4. My next reason will appeal particularly to the sadists amongst you. I've entitled it "the student's revenge." I experienced the thrill of this just some months ago when I had to return to Ireland for my father's funeral, where I met my old French teacher. I was so excited at my new-found ability to speak French, I actually greeted him in that wonderful language, upon which he turned red, green and purple before racing out of the room in complete despair. Poor guy, hehad spent years inocculating me against the French language only to see me succumb in the end, after all.
  5. What eventually persuaded me, that knowing French would be worth all the trouble it might cause, was the night I went into the restaurant famished after a hard day's work harvesting. I was famished, and what's more the waitress was a pretty little thing, so I was hoping to make a nice score there. Wanting to impress I cast several flourishing glances at the menu before choosing the most expensive dish, figuring it must be something very substantial. You can imagine my surprise when I was served with some very exquisite octopus soup in a cup not much bigger than an oversized thimble. I should have smelt a rat the moment I saw that sweet young thing's smile when I told her how hungry I was.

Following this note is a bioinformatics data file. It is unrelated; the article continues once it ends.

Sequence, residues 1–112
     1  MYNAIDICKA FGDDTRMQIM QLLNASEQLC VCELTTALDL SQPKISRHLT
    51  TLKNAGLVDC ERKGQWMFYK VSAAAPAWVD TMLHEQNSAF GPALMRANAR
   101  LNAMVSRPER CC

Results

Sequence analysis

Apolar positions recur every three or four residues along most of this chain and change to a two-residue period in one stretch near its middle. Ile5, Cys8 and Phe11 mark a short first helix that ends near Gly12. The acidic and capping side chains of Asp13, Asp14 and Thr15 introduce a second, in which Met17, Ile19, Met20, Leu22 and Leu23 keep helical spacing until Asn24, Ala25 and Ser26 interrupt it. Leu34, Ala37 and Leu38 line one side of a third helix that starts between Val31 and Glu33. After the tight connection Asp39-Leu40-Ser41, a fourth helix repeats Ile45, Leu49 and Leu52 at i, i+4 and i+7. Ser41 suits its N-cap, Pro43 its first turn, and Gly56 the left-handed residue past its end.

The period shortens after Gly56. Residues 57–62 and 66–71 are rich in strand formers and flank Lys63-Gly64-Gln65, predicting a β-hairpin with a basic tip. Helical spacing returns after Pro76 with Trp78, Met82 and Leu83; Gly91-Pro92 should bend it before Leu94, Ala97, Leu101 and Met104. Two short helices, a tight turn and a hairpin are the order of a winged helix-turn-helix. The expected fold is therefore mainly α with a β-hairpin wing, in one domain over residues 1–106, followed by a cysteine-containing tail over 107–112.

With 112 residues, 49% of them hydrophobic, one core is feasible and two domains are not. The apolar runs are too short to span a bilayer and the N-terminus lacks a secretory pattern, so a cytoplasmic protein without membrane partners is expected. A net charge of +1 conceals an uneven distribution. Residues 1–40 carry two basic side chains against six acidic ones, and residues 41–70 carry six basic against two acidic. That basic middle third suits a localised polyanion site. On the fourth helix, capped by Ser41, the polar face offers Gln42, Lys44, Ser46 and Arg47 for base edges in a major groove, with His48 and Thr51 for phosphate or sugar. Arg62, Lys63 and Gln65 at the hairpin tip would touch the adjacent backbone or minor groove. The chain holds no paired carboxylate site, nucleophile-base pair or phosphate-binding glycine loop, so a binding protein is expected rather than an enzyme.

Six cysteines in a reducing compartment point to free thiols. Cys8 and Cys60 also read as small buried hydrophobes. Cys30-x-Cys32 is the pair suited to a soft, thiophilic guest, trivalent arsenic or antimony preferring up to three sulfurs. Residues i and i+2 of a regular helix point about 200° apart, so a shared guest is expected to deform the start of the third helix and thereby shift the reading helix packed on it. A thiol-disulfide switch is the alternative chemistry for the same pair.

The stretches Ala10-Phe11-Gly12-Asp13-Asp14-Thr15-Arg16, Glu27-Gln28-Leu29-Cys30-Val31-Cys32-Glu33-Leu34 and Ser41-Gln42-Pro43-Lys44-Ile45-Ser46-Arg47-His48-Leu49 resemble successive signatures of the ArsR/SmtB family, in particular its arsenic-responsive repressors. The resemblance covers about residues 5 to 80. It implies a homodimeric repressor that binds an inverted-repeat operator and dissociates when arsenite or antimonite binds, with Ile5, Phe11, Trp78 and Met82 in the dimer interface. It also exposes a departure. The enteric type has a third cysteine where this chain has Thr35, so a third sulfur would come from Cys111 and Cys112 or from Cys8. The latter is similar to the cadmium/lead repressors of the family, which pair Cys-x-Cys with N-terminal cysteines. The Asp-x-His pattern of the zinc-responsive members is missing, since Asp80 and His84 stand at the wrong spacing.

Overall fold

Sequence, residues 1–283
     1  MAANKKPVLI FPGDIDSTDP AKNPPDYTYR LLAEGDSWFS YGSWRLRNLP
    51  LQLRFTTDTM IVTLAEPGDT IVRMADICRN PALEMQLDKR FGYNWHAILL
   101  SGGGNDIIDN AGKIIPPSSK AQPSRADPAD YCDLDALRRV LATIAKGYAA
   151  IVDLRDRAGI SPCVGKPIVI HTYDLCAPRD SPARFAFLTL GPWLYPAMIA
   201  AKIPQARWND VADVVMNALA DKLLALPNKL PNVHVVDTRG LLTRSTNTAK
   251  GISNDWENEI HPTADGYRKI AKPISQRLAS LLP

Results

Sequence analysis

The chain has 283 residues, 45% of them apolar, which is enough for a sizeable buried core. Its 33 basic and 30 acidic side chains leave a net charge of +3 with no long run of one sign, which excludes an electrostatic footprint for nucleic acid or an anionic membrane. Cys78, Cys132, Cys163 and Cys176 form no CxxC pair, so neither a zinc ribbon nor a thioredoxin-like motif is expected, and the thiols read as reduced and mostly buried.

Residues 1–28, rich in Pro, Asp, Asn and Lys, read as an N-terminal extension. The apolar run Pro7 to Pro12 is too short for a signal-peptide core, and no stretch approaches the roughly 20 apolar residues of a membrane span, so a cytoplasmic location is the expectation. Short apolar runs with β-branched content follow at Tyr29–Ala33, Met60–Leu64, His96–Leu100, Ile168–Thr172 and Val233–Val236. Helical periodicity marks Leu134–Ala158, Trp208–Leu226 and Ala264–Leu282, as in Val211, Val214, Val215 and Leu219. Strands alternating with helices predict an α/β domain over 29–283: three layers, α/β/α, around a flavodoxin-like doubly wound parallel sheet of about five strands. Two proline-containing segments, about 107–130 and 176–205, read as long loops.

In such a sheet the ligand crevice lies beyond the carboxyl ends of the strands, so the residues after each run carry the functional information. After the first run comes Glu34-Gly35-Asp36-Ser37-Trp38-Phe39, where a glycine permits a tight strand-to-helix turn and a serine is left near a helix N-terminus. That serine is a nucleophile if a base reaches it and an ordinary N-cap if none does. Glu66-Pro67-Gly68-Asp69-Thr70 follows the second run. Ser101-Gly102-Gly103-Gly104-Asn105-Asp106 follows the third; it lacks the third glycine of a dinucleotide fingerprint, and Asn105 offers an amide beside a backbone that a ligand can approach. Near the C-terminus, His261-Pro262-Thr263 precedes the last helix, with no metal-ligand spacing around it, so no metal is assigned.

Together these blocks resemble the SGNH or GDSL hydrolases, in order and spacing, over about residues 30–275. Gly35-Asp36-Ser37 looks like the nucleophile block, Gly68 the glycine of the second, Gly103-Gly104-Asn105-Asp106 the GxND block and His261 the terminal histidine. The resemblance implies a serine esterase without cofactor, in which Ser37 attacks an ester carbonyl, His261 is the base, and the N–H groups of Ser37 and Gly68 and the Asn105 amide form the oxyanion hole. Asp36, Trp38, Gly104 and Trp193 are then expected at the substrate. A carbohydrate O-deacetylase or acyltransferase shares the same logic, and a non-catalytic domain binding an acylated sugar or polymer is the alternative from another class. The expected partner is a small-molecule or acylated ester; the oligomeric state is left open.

6. But learning French can also save you money. If you've ever been in a French taxi, then you know that an English accent automatically increases prices twofold, and the same holds true for street vendors in most of the big towns. Apart from that, there's no way you can complain when you're short-changed if you don't speak French. So in the long run, the price of the lessons is more than made up for by the amounts you save elsewhere.
  7. Ever been around a table when someone was telling a story. The punch line comes and there's silence. What an embarrassment! But imagine laughing out at a funny story only to find out you misunderstood and it was really quite sad. Yes, friends, I've been there too.
  8. One of the banes of TV and cinema are subtitles. I hate them because they always draw my attention even when I don't need them or can't understand them. But it's worse when I can understand them, because they usually get it wrong anyway, and then I get annoyed over nothing. So if you want to join the "banish subtitles" brigade, then please learn to speak French and you'll never need another subtitle in your life.